Sublimation Quick Stop

Mugs: Drinking In Profit

There is nothing more enjoyable than having a nice, hot morning coffee. It seems to be what starts the day off on the right foot. If you’re like most of us, you have a favorite mug that you use every single time. It probably has a special image on it that you love looking at every morning. It just makes you smile. Wouldn’t it be great to offer customers the ability to put their favorite image on a mug?

Out of the hundreds of sublimation products on the market today, mugs seem to be some of the most popular time and time again. They are easy to do, yet still allow for full personalization while keeping costs to a minimum. With so many different options out there, it can get a little confusing as to which mug is best for you. This article will explain some general differences, so you too can “drink” in their profits!

Differences
There are many different styles of mugs on the market today. We are going to focus on the bread and butter of the mug line—the standard ceramic mug. There are three big differences in the mugs that can make or break the profit that you end up making from all your hard work. They are the coating, the ceramic quality, and the shape of the mug.

Standard ceramic coffee mugs come in a variety of styles, including the 11oz and 15oz options.

Mugs are a great personalized item that allow for maximum profit.

The sublimation coating on the mug makes a huge difference in how the mug turns out. Coatings are applied one of two ways. They are either sprayed or dipped. Mugs that are sprayed tend to have a more even, uniform coating. Dipped mugs are just that; they are dipped into the liquid coating. So the coating may come out heavy in some spots and lighter in others. What this means in your sublimation is that your image may have dark areas where there is an abundance of coating and lighter areas where the coating is a little thin.

The ceramic quality also plays a big role. Mugs are made from a ceramic material and fired at high temperatures to harden. Higher-quality ceramics are fired twice. This pulls out a lot of the moisture, lending it a more consistent shape and strength. Standard-quality mugs are only fired once. This means there is more moisture left in the mug, making the ceramic a bit weaker.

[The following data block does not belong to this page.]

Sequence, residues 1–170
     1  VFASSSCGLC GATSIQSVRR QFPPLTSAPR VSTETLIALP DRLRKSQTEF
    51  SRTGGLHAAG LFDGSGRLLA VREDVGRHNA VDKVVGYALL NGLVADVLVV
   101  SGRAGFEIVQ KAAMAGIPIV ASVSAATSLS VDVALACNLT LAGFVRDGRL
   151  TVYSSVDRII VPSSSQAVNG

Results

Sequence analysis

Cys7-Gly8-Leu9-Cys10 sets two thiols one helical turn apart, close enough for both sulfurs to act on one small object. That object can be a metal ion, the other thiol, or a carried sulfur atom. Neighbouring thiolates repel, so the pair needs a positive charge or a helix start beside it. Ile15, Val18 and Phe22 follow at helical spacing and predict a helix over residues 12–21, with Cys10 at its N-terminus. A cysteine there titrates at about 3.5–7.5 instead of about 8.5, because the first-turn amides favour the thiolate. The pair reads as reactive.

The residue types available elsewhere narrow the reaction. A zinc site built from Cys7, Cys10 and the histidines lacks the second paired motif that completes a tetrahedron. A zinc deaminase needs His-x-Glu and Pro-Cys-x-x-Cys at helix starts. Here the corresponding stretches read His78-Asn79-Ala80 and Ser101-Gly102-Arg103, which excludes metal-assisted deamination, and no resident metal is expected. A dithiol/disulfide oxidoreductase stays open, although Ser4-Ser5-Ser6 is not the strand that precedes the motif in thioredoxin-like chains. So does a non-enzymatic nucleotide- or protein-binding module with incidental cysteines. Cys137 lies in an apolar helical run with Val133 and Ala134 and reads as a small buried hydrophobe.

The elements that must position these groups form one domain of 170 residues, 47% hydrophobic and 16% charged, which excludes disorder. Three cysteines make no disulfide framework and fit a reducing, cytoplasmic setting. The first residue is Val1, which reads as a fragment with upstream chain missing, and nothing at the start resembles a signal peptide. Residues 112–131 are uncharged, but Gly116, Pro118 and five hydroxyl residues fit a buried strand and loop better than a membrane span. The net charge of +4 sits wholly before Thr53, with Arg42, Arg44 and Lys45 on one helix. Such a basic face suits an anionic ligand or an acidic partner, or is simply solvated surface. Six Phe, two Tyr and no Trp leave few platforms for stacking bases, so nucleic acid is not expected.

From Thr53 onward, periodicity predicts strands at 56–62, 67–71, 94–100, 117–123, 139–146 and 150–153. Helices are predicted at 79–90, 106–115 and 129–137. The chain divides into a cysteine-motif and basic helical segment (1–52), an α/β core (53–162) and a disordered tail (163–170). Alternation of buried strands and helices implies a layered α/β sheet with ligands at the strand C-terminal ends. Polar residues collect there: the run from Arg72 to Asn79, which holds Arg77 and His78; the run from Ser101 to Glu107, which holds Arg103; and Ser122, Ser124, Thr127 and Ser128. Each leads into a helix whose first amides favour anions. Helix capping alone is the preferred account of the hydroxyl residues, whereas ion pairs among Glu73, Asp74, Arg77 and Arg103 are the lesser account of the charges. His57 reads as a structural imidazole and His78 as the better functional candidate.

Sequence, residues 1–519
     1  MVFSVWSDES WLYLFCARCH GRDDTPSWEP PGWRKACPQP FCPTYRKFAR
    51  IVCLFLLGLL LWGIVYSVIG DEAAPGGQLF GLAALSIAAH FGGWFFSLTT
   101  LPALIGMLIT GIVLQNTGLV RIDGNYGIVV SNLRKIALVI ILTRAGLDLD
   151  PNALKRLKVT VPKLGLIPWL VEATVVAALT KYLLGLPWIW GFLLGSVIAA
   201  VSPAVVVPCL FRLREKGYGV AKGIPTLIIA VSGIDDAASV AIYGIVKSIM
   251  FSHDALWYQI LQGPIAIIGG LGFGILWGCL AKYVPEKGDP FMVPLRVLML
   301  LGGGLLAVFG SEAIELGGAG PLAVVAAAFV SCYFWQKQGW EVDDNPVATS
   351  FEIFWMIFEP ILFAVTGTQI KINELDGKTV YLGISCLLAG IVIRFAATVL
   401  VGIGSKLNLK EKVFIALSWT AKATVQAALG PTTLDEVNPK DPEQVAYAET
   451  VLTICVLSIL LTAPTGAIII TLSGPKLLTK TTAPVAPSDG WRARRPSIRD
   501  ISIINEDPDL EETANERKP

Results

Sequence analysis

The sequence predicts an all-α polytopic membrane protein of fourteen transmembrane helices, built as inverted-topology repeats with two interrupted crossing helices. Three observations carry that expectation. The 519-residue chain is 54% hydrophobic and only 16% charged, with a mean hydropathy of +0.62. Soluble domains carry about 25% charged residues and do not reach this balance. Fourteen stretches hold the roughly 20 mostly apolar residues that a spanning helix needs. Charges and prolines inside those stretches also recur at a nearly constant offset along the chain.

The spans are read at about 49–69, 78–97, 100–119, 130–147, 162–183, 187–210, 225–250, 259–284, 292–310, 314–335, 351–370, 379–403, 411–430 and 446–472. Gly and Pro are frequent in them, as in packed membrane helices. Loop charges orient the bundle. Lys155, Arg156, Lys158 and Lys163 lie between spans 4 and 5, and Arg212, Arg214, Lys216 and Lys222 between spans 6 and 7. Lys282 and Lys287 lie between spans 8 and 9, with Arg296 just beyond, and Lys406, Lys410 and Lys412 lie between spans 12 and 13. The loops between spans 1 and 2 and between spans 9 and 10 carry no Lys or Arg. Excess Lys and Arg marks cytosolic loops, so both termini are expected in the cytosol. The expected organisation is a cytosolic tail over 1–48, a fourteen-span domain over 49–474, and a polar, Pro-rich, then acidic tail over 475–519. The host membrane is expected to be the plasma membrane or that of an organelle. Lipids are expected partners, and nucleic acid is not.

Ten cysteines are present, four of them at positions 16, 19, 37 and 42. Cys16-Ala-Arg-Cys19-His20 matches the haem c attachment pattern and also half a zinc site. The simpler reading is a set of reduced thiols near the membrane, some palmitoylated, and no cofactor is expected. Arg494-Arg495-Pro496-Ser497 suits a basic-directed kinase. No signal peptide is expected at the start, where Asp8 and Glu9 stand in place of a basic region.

The shape of the mug also plays a role. You may be saying to yourself, “A mug is a mug!” Well, if you look carefully at the mug, you’ll see that actually some “barrel” out in the middle. The higher-quality mugs are a lot flatter than the lower-quality ones. With too much “barreling” in the middle, your paper may crinkle, and you’ll end up having a bad transfer.

Presses
Mugs are done one of two ways. They are either made on a mug press, or they are made with mug wraps. Both ways are equally effective but just done a bit different. Let’s start by looking at the mug press. Mug presses were designed to press one mug at a time with a press time of between three and four minutes. This is a great way for production-type applications, because while you are waiting for one mug to be done, you are able to stage your next mug; when the timer is up, you can take the finished mug out and replace it with a new mug.

It is fairly easy, and there is not really a lot to figure out. You just set the time and temp and go from there. The biggest downfalls to this process are that you are limited in the type and size of mug you can press and the startup cost for this. Mug presses typically range in cost from around $500 to $1,000 for a good unit. This is a very high cost for newcomers into the mug world who are not sure if there is a market there yet.

That leads us right into the other option to do mugs—the mug wrap. This is a low-cost entry into the mug world that many use to test the waters of the mug market. A Kevlar-reinforced wrap is placed around the mug and a clamp is tightened with a bolt to give the mug the pressure it needs to sublimate.

The other major part of this process is a convection oven. These differ from your average household conventional ovens in that the convection oven circulates the air around the item in it; in this case, it is mugs. This is critical because the mugs need to be heated evenly in order to work completely.

This process takes a bit longer than pressing it in a mug press. For an average 11oz mug, this process takes roughly 12 minutes or so. Though the time is longer, wraps allow you to do multiple mugs at one time. Wraps cost around $25, and a convection oven can cost anywhere from $75 to $100.

Process
Creating a mug in your graphics program is very simple. You are going to first create a rectangle that is roughly 3.25”x8”. This is the biggest you can get away with without losing some of your image to the lack of size of heating element. Once you have your design sized correctly, you can delete your template so you do not end up with the black box around your image on the mug.

Place the image on the mug followed by a similar-size piece of copy paper to catch any spare ink transfer. Place the mug in either the press or the wrap and heat it to the desired time. Once finished, slowly dip the mug into a bucket of warm water, cooling it to the touch. Once cool, remove the transfer and blow out paper and wipe dry.

Conclusion
Mugs can be a great add-on to any sublimation business as well as a great product to start with and get your toes wet in sublimation. Both mugs have their own perfect niche; it’s just up to you to figure out which one is the best option for you!